For an industry obsessed with customer experiences, the new age of limited contact and physical distance is posing a big question for hotels. The pandemic has kick-started a new normal for hospitality, and hotel managers are quickly finding themselves thrown into it headfirst. Arguably, the pandemic has just fast-forwarded the inevitable, but it can still be very confusing. Customers are quickly developing newfound expectations for topics like sanitation and technology, and navigating these issues requires an adapted outlook from management. Luckily, as a hotelier, there are steps you can take to transition more seamlessly into this new normal.
It is no secret that people are shaken up after this mess of a year. The majority of customers view staying at a hotel as a risk to their safety. They need extra reassurance that the hotel is practicing intense cleaning procedures, hearing their concerns, and creating an overall safe environment for their stay. David Fox, Quore COO said to Hospitality Technology that “[Customers] anticipate visual cues that hotels have responded and adapted to health and safety mandates.”
It is also likely that these changes are here to stay. McKinsey surveyed almost 900 C-level executives globally in July and responses showed that respondents across sectors and geographies are likely to report significant changing customer needs (a switch to offerings that reflect new health and hygiene sensitivities). Out of all of the noted shifts happening, the highest number (62%) believe that changing customer needs will stick through the recovery. These new customer expectations are forecasted to persevere past the pandemic, so it is best to find solutions sooner rather than later. However, hotel managers need to remember the important fact that more distance does not mean less customer service.
On the other hand, employees need similar encouragement that they will be met with health safeguards and understanding. When working in the service industry during these times, hotel employees are constantly exposing themselves to heightened health risks. These employees should be assured that management has not only the best interest of the customer at heart, but also the best interest of their employees. This will ultimately create a more productive and safer work environment, which will raise not only employee morale, but morale of the hotel as a whole.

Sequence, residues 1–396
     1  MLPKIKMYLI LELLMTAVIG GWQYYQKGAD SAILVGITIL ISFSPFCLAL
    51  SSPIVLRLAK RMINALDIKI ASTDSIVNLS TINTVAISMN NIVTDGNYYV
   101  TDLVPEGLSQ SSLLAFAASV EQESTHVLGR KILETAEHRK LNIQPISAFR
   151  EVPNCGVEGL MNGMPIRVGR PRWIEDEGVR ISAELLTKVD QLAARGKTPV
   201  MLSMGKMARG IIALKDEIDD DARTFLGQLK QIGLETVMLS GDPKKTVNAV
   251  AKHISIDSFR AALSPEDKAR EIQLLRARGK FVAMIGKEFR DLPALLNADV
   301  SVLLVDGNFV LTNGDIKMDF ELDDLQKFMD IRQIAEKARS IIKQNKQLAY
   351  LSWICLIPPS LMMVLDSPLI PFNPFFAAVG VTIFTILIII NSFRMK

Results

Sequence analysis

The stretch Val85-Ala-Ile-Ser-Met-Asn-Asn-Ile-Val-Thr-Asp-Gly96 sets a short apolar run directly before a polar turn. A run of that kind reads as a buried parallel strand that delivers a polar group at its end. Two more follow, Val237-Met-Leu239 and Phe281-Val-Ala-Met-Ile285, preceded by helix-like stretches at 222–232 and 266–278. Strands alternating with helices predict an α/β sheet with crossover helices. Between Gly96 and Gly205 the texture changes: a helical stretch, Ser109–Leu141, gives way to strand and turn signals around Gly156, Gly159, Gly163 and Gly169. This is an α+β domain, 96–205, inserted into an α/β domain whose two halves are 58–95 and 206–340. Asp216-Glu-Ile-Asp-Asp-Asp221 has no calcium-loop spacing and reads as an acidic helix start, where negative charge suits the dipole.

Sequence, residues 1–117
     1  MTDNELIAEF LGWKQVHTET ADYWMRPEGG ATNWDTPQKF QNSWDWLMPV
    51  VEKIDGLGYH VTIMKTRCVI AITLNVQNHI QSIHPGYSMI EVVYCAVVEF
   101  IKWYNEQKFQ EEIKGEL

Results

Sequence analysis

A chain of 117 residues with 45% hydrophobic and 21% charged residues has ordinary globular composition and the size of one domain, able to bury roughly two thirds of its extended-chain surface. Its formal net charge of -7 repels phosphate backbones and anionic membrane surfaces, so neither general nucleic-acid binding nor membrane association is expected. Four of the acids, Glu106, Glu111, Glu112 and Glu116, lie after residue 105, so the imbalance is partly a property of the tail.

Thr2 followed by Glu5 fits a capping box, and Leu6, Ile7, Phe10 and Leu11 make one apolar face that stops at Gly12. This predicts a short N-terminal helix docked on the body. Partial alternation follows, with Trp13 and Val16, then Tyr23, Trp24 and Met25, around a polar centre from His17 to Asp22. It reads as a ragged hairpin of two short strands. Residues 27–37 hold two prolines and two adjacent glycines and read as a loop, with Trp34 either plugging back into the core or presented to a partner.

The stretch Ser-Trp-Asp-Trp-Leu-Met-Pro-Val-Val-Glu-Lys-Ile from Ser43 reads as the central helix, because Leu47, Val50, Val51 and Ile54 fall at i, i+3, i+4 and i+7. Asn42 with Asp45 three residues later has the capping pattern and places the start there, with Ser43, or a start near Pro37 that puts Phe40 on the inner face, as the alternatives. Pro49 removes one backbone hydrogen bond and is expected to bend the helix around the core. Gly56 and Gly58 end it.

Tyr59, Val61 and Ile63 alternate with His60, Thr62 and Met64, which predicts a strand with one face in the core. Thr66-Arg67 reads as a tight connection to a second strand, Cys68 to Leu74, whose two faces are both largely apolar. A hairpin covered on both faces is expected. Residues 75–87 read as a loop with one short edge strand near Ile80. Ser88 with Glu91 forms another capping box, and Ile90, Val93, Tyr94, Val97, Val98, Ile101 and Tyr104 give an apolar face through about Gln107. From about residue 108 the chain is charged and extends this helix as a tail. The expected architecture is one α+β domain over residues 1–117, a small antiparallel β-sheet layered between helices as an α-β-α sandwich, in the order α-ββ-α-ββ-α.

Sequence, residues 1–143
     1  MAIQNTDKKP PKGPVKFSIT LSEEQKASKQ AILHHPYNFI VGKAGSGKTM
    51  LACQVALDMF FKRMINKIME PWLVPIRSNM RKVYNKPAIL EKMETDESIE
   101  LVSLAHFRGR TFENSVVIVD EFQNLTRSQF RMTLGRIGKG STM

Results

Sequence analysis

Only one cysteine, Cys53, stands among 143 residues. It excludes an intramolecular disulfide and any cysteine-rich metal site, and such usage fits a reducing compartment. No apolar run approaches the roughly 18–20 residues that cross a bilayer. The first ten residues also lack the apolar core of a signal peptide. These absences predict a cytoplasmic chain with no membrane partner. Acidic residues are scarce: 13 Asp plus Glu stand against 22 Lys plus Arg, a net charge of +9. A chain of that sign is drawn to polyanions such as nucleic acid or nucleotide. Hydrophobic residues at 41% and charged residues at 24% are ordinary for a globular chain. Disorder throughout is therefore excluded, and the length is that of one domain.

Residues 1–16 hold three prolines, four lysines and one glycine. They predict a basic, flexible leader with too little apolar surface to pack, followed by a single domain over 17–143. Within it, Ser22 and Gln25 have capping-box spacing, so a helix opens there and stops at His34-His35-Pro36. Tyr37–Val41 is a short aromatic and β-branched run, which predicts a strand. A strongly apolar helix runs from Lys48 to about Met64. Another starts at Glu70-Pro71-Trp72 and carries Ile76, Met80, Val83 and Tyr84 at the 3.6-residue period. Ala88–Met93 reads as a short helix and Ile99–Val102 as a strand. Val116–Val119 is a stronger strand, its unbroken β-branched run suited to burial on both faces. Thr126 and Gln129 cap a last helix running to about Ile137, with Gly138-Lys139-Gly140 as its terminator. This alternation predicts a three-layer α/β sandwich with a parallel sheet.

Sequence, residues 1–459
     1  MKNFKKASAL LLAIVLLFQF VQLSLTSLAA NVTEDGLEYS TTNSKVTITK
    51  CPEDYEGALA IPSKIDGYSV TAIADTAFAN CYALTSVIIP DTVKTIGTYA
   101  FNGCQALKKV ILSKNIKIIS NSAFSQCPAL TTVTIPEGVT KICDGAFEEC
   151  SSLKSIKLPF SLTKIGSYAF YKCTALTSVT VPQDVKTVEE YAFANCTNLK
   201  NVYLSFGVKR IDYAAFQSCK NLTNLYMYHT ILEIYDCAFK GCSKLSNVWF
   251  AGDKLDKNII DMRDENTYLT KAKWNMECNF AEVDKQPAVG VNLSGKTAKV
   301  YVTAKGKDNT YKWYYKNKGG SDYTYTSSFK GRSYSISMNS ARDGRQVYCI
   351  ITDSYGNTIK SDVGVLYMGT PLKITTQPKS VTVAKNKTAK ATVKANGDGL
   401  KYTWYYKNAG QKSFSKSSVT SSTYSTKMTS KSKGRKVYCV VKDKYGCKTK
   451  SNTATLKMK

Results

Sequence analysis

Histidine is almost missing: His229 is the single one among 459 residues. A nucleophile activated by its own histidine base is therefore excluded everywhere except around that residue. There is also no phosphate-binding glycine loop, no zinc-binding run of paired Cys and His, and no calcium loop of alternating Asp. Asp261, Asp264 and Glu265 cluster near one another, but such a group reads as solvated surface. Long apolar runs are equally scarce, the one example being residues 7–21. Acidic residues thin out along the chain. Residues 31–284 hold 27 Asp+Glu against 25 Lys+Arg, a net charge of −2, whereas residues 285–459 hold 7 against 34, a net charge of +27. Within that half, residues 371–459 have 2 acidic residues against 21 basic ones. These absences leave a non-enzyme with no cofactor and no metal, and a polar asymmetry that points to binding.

Building Customer Trust:
- Post a COVID response page to the hotel’s website, specifically addressing actions being taken for sanitization
- Post signs for cleaning procedures, business rules in response to COVID, and outlining how to make requests to management
- Communicate check-in, check-out, and cancellation logistics upfront, either through call and/or email
- Add additional options to not have hotel staff enter the room during the stay
- Contactless delivery for room service and needed room supplies
- Increased customer service and customer satisfaction checks
Building Employee Trust:
- Provide appropriate masks and PPE for employees (meaning equipment with increased protection for housekeeping)
- Ensure that you have a good amount of equipment for precaution
- Consider producing branded masks
- Monitor the current pandemic and regulations, and regularly communicating it to employees
- Be available to employees for all concerns relating to COVID and employee safety
- Establish a distinct person to contact in the case of emergency
- Create a plan of action for what to do if there is an issue with customer cooperation
- Regularly collect employee feedback and gauging satisfaction, giving employees a space to voice concerns
One of the largest pieces of the evolving customer expectations is the push for digital transformation. This is even true across all industries, not only hospitality. When McKinsey surveyed almost 900 C-level executives globally in July, responses showed that “funding for digital initiatives has increased more than anything else—more than increases in costs, the number of people in technology roles, and the number of customers.” Regardless of whether hotel management chooses to digitally transform because of pressure from customers or to keep up with competitors, executive mindsets on technology’s strategic importance have changed radically during the crisis.